Occupy Singapore was certainly not the global movement’s highpoint. Apparently no one actually turned up! But it would be wrong to revert to stereotypes of an apolitical public sphere in the city state. Online political activity is increasingly making its presence felt. The excellent Circuit blog has an analysis of this emerging virtual space for debate and contestation. Here is an extract:

The May 2011 general elections were the most competitive to date, demonstrating practical effect of electoral rules relaxed in 2009 to allow significant and meaningful participation by opposition parties for the first time. In addition, political discourse flourished online as the government lifted restrictions on political advertising and the use of video, multimedia and social media in political discussion and advertising. Whereas previously discussion was dominated by anonymous message boards, the 2011 elections saw a massive increase in the number of blogs, and facebook dominated the opposition’s media campaigning. Political participation also flourished offline, with footage of opposition rallies being streamed live and legally for the first time. The elections saw the first major electoral gains for opposition parties since independence, and some academics suggest the impact of online political discourse on actual electoral change is increasingly important.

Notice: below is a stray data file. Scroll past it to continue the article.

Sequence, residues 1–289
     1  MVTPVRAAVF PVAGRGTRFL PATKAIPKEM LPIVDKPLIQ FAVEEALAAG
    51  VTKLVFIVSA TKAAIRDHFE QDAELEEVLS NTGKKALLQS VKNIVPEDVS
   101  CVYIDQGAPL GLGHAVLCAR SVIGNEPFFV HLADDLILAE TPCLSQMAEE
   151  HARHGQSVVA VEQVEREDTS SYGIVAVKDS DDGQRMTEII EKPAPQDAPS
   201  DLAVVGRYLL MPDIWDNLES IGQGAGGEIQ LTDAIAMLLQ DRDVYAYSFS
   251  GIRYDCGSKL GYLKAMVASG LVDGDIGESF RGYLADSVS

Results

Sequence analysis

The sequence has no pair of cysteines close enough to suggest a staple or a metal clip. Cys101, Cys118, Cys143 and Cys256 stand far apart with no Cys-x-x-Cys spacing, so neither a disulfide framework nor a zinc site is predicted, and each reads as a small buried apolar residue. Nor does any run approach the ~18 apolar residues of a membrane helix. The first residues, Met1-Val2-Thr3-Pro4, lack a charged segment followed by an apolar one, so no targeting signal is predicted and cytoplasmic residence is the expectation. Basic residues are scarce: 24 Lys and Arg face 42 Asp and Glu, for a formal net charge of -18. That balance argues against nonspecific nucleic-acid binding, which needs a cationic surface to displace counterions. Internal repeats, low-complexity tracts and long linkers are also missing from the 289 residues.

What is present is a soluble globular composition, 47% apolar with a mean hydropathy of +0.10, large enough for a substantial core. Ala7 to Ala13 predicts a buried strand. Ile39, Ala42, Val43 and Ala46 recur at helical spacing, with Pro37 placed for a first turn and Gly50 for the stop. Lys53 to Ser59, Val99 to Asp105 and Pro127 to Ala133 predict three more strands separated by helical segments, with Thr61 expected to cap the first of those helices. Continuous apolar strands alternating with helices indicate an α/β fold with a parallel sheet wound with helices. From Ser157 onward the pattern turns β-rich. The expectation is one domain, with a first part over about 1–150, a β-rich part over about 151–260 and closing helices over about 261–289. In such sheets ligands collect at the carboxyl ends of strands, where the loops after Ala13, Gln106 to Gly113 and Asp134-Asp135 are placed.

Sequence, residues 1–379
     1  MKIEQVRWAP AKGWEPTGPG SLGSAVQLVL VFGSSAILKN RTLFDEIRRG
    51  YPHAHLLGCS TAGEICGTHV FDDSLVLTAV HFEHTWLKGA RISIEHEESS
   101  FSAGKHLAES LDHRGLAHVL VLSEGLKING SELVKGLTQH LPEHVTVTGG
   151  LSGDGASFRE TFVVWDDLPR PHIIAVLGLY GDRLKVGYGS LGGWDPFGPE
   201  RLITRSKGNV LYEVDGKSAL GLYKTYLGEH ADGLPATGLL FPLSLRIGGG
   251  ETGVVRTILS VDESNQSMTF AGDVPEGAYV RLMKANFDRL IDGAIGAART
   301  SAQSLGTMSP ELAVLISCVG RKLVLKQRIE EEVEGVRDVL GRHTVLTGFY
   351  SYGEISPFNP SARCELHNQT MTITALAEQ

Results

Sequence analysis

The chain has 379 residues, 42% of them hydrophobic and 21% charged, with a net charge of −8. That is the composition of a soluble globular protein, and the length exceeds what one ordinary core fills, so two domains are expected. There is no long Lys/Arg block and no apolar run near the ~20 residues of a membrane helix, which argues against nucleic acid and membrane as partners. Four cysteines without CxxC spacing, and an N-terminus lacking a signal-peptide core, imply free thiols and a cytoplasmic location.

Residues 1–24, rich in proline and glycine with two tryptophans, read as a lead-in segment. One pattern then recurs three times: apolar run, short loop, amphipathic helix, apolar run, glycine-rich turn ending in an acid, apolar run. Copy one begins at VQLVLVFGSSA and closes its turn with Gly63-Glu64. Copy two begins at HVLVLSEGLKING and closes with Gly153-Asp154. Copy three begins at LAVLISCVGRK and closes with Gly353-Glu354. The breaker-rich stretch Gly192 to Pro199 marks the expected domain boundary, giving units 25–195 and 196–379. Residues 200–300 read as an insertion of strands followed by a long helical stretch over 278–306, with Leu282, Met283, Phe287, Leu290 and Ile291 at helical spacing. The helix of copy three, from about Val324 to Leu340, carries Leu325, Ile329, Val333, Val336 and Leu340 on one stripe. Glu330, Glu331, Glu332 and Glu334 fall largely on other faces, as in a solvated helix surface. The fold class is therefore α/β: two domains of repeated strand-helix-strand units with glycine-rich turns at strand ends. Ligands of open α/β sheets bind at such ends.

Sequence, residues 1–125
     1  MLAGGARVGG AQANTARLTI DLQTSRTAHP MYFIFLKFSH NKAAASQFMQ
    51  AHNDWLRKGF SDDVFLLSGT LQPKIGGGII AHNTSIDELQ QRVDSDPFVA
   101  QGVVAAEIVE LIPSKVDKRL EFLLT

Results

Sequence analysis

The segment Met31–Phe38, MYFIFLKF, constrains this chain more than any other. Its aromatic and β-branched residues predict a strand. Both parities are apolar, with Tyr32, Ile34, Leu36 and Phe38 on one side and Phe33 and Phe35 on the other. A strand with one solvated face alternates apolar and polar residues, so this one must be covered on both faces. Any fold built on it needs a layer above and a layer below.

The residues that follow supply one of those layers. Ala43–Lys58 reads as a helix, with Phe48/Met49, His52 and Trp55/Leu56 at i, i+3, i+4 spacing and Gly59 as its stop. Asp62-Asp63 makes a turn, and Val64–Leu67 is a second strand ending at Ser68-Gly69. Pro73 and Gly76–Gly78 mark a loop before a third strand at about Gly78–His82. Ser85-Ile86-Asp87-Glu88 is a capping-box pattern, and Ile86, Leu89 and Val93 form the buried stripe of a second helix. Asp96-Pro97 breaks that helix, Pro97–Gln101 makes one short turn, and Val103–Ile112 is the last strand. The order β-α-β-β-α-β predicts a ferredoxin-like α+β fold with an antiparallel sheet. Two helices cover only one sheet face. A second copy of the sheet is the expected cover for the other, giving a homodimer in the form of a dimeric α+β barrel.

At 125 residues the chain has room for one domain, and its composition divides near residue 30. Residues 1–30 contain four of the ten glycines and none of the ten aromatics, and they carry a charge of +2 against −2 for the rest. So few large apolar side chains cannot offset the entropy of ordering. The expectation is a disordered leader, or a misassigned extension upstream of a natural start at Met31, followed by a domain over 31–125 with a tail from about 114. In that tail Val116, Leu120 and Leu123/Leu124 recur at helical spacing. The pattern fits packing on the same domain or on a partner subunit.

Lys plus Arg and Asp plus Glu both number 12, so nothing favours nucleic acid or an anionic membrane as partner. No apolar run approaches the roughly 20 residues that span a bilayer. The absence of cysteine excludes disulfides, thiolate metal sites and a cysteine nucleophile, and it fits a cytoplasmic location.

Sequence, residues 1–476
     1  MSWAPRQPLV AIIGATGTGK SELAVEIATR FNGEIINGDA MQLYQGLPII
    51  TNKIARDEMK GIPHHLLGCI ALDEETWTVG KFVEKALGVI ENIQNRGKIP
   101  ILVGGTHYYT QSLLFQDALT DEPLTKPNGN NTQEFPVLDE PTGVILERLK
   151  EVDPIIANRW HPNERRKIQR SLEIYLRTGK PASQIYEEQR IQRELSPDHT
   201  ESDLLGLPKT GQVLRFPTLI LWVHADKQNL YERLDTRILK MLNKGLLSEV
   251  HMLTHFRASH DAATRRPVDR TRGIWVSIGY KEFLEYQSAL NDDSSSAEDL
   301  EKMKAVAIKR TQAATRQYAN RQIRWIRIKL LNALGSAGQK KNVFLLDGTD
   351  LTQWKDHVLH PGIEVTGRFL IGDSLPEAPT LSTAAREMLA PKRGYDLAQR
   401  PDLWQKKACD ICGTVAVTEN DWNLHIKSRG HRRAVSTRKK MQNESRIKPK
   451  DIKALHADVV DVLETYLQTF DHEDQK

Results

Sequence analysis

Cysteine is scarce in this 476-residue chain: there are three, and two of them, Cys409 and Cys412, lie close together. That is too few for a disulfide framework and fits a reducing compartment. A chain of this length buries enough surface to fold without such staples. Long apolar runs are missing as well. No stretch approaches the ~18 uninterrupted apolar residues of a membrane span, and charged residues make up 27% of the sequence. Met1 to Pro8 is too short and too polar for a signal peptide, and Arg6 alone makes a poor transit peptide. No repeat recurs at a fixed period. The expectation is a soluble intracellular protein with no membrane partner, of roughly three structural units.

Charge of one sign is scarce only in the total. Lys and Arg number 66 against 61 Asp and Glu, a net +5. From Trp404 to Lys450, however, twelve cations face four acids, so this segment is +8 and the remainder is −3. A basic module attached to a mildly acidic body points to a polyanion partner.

There’s much more worth reading in the full article.